On my first trip to Cape Verde, I discovered the Cashew fruit. I had always known the cashew, which is pronounced “Caju” in Portuguese, to be a nut. But it’s actually a fruit AND a nut. All these years, I believed the cashew was only a nut – Who knew?!?!? It was during this same trip that I first realized my own Jewish ancestry – Who knew?!?!? All this time I believed my family was Catholic but, as I learned more of my ancestry, I realized that many of our traditions were, in fact, based in the Jewish faith.
So, if you’re born and raised in the Catholic Church but practiced Jewish traditions, are you Catholic or Jewish? This is a questions that many Cape Verdeans may begin asking themselves as we begin to seriously consider the impact of Jewish ancestry in Cape Verde. I jokingly referred to being a “CaJu” with a friend of mine, who also recently found out about his Jewish roots. Is it possible to be Catholic AND Jewish – basically, a “Ca-Ju”?
I was baptized in the Church, confirmed in the Church, and went to Catholic schools all the way through high school. But when it came to certain practices, what my family practiced differed a bit from what I was being taught in school. The starkest difference was the practice of the Nodjadu, or mourning period, which closely resembles the Jewish practice of sitting Shiva. As with many traditions passed down through my family, I cannot imagine doing things any differently.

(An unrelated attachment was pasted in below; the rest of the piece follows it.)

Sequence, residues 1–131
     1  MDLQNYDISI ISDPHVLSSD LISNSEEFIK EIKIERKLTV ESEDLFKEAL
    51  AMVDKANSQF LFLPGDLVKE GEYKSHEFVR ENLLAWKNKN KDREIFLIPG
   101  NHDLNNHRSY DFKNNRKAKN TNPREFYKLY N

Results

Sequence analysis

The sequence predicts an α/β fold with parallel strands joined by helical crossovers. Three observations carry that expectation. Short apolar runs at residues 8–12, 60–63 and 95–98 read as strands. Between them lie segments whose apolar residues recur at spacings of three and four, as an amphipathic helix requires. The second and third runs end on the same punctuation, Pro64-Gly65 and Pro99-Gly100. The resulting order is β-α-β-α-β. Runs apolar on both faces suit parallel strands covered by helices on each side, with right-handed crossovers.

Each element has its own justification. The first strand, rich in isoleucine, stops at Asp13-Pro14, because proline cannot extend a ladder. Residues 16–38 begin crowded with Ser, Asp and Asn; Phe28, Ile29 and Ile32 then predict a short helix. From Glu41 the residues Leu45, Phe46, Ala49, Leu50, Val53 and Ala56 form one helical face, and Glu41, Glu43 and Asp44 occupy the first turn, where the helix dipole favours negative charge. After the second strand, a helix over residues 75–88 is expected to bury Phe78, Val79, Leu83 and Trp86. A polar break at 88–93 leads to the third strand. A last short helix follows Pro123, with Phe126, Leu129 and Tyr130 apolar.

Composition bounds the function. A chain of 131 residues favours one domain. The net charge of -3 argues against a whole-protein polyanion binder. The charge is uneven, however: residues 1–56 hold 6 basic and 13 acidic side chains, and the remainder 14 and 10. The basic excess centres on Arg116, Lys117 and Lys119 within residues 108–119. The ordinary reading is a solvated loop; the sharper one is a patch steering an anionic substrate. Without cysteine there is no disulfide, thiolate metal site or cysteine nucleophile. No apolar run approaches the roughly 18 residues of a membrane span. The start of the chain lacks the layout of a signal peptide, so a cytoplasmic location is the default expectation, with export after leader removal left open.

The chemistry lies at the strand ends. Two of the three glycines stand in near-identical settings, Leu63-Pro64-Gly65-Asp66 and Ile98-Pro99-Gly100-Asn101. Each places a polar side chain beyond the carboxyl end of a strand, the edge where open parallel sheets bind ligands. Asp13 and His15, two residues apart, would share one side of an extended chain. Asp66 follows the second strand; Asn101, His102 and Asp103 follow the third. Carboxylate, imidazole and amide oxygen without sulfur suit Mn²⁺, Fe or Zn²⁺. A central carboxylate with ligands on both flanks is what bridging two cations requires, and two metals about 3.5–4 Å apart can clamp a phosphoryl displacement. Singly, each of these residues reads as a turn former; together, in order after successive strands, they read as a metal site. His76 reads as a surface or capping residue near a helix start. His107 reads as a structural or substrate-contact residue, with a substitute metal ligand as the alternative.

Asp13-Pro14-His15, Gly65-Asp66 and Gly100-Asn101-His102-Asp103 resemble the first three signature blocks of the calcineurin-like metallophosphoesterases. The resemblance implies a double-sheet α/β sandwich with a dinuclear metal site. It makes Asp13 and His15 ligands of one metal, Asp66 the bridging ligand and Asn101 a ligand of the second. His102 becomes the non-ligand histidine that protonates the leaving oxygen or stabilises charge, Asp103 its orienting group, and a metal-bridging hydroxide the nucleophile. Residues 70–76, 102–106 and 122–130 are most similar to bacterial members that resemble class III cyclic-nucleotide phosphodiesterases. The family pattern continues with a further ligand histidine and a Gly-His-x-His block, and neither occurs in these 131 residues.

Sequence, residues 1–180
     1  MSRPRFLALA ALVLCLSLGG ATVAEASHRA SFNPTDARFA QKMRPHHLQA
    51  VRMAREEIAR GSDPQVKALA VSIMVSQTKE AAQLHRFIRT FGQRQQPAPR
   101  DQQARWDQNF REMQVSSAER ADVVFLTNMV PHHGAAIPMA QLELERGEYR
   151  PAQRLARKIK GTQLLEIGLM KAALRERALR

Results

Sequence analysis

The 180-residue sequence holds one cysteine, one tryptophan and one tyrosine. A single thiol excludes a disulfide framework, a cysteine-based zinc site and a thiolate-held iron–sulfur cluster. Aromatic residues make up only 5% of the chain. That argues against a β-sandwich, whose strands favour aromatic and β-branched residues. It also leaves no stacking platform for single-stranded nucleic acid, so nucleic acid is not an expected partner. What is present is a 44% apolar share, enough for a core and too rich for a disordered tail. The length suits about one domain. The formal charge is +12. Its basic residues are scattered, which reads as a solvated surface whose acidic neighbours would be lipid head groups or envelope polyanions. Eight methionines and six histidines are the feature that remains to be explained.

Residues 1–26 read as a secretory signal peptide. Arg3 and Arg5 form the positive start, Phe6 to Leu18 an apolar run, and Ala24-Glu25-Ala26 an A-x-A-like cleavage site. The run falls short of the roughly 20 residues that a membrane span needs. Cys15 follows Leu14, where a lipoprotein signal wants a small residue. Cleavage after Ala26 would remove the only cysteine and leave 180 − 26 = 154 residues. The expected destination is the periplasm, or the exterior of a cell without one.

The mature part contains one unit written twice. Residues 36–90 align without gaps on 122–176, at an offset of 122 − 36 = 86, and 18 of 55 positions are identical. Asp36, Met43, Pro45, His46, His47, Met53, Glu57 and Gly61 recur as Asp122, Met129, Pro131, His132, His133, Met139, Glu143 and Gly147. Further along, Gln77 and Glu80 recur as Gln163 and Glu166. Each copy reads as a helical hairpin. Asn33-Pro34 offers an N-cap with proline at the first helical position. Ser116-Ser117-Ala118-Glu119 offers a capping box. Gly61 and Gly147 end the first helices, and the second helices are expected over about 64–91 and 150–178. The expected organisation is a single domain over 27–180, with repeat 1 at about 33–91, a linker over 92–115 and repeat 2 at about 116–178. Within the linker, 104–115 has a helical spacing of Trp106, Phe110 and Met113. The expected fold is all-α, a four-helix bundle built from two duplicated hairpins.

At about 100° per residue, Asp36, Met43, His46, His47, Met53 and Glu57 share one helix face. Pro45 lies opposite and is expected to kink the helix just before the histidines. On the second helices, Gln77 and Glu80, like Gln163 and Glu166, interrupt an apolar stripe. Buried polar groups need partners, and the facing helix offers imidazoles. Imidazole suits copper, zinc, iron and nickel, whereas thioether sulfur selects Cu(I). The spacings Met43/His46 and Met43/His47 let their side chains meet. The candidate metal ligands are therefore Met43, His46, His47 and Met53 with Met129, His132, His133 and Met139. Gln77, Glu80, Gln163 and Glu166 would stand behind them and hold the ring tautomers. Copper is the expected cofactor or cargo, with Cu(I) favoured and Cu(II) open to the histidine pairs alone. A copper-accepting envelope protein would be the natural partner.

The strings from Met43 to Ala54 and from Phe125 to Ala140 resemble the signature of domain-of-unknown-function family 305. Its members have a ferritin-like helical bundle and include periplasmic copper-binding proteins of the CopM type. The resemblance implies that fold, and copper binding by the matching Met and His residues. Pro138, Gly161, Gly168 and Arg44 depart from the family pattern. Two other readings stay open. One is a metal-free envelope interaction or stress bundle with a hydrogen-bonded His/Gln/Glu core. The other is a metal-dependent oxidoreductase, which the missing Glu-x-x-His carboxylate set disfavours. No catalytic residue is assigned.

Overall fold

Last week, I was honored to participate in the Annual Cape Verdean Jewish Sedar in Boston and was struck by the truth of this reality. I am a descendant of two groups of very strong people who survived a history of indescribable horrors for merely being who they were. So it was with great pride that I spoke to this group of Jews and Cape Verdeans about our shared history. Because of our ancestors, we all have the freedom to be and to live how we’d like to. We are free to worship how we’d like. And I am free to be a Catholic or a Jew and even a “CaJu” if I please.